Yakima County continues to struggle with disproportionately high incidents of sexually transmitted diseases, according to state health officials.
YAKIMA — If for some reason you were thinking of having unprotected sex in Yakima, public-health officials wish to remind you: Don’t.
The state Department of Health last week released 2016 data on sexually transmitted diseases (STD), and Yakima County is still one of the worst counties in the state for sexual health.
The county has the highest rate of gonorrhea, with 444 cases; and the second-highest rate for chlamydia, with 1,594 cases.
Chlamydia cases stayed mostly static from 2015, which saw 1,597 cases; but gonorrhea cases increased by 18 percent, from 376 in 2015.
Most Read Stories
- A Washington county that went for Trump is shaken as immigrant neighbors start disappearing VIEW
- Kickoff time, TV info announced for 110th Apple Cup
- Rebound with redemption: Huskies come back to beat Utah behind the unlikeliest of heroes
- Seattle hits record high for income inequality, now rivals San Francisco
- Anthony Bourdain brought 'Parts Unknown' to Seattle — here's where he ate
The county also logged 11 cases of syphilis in 2016, but its rate is well below the numbers seen in Spokane and King counties. And there were 63 new cases of genital herpes, again well below the rate of several other counties.
The gonorrhea news is particularly alarming, as the numbers have now risen dramatically for four straight years.
In 2013, the Yakima Health District called the rate of gonorrhea an “outbreak” — and that was when there were only 181 cases in the entire year.
In 2014 the number jumped to 406.
“We haven’t been able to pinpoint a reason for why our numbers are so high,” said Melissa Sixberry, director of disease control at the Health District.
“It kind of varies through the state. Each county tends to have their issues; there have been outbreaks of syphilis in other counties, where our numbers haven’t been so high” on that particular disease, she said.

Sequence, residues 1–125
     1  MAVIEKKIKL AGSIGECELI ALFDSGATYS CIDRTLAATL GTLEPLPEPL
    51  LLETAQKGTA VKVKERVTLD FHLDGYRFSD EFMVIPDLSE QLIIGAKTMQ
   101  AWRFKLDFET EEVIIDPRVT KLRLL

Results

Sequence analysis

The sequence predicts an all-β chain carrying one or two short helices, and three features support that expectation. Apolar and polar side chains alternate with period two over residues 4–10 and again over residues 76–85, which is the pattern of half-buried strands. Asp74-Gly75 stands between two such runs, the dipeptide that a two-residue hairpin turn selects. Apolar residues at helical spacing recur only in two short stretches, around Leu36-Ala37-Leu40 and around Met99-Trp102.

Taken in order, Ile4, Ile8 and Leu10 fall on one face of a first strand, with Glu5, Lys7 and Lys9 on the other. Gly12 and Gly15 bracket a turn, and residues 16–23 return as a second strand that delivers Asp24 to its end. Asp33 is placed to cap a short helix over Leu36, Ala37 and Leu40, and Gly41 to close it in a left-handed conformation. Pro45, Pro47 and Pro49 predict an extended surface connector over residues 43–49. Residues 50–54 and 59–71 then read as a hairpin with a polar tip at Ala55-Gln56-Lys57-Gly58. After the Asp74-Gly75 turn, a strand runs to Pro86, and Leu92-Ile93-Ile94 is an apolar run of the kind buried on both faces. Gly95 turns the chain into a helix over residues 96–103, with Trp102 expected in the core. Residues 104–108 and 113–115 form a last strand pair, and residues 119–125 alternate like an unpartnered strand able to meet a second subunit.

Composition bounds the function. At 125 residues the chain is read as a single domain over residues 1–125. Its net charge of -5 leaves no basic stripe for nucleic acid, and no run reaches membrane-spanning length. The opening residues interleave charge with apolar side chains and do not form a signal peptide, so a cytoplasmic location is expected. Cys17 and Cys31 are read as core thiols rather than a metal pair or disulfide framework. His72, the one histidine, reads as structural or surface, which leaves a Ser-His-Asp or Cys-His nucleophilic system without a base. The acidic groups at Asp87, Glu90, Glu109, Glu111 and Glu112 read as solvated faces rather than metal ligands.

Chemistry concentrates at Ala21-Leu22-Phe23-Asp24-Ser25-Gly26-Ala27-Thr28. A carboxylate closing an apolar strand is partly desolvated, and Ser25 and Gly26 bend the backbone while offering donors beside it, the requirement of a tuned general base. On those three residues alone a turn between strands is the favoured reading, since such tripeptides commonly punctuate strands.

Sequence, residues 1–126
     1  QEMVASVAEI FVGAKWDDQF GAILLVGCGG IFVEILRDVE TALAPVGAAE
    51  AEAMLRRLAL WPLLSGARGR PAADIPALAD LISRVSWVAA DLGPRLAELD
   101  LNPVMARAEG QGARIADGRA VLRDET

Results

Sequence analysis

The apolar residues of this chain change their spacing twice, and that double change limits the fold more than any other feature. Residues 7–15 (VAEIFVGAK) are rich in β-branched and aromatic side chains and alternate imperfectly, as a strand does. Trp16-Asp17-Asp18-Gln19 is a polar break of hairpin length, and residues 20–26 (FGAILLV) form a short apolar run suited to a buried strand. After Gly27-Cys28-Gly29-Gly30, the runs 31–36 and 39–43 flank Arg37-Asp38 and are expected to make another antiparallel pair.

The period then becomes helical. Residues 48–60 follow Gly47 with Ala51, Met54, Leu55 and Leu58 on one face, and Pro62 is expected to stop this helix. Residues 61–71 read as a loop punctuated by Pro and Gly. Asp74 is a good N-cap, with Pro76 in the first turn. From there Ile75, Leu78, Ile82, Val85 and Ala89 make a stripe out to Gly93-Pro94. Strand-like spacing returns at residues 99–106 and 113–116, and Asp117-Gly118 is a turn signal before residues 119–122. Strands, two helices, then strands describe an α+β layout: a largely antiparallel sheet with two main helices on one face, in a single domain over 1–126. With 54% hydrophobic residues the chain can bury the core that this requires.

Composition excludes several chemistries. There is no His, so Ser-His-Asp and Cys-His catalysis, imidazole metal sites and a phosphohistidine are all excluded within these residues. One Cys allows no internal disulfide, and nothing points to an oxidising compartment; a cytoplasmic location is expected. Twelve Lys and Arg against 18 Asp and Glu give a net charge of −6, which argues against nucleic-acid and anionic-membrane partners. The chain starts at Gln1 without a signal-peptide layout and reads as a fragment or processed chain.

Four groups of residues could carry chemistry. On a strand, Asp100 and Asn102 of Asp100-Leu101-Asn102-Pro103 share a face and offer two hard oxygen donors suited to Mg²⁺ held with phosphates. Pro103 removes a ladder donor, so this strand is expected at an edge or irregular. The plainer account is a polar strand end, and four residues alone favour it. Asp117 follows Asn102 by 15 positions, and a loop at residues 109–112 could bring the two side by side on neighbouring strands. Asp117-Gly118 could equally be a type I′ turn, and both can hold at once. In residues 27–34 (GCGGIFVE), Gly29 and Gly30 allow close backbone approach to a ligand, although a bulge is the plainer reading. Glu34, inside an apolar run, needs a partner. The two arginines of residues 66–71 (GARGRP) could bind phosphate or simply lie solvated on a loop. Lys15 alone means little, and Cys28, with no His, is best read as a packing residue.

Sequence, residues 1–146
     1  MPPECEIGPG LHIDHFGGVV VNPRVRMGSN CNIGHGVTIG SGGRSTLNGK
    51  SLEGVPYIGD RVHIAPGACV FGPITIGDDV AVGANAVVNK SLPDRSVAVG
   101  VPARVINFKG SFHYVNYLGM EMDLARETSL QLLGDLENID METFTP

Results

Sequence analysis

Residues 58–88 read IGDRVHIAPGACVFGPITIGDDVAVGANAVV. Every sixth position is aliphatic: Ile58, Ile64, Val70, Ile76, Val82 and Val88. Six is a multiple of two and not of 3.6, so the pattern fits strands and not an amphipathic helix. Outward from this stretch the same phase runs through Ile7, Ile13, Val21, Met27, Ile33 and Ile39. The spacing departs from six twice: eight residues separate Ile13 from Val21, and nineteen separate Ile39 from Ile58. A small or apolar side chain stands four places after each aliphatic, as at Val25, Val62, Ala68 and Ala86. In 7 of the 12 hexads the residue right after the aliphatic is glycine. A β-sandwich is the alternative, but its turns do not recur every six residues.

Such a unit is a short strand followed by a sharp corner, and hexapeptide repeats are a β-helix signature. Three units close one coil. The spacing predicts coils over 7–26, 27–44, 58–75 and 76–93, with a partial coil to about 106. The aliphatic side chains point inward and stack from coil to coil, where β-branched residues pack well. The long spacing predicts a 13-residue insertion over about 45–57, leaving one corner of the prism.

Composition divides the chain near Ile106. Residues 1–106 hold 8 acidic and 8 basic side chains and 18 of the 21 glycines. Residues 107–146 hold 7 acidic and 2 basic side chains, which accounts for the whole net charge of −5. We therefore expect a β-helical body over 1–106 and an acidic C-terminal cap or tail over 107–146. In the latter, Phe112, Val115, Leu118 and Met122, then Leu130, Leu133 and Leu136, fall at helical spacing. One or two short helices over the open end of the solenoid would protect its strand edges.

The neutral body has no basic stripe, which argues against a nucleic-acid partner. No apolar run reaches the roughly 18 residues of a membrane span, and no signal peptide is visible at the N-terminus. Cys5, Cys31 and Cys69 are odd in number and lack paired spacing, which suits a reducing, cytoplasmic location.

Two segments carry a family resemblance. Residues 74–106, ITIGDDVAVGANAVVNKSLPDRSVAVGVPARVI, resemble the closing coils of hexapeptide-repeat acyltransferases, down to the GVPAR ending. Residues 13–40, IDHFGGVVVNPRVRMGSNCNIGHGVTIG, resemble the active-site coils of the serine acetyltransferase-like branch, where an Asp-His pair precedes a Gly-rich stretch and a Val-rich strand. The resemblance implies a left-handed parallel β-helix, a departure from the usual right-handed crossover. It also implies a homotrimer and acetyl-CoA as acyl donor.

To combat STDs, public-health officials are focusing on early detection and screening.
“One of the things that we’re trying to do is partner notifications; making sure the partners are getting treated as well,” Sixberry said. Someone who tests positive for an STD also can ask for a “partner pack” of the pills to give to their partner.
Sixberry advises anyone who is sexually active to be tested once a year, or with the onset of any symptoms.
For people who are at a higher risk, which includes people who have multiple partners or men who have sex with men, the recommendation bumps up to every six months, or at the onset of symptoms.
The big concern now is antibiotic-resistant gonorrhea, which, as the name says, cannot be cured with antibiotics traditionally used to treat it.
However, Sixberry said, there have not yet been any known cases in the U.S. of resistance to the first-line dual antibiotic treatment, which is ceftriaxone and azithromycin.
As a disease, chlamydia is largely asymptomatic and can cause long-term damage to women’s reproductive systems, even leading to infertility. When symptoms do appear, in both men and women, they include abnormal discharge and a burning sensation when urinating. Men also may experience painful and swollen testicles, though it’s less common.
Gonorrhea is often asymptomatic in women, or frequently mistaken for a bladder or vaginal infection. Symptoms can include painful urination, increased discharge and bleeding between periods. For men, symptoms include a burning sensation when urinating, and white, green or yellow discharge.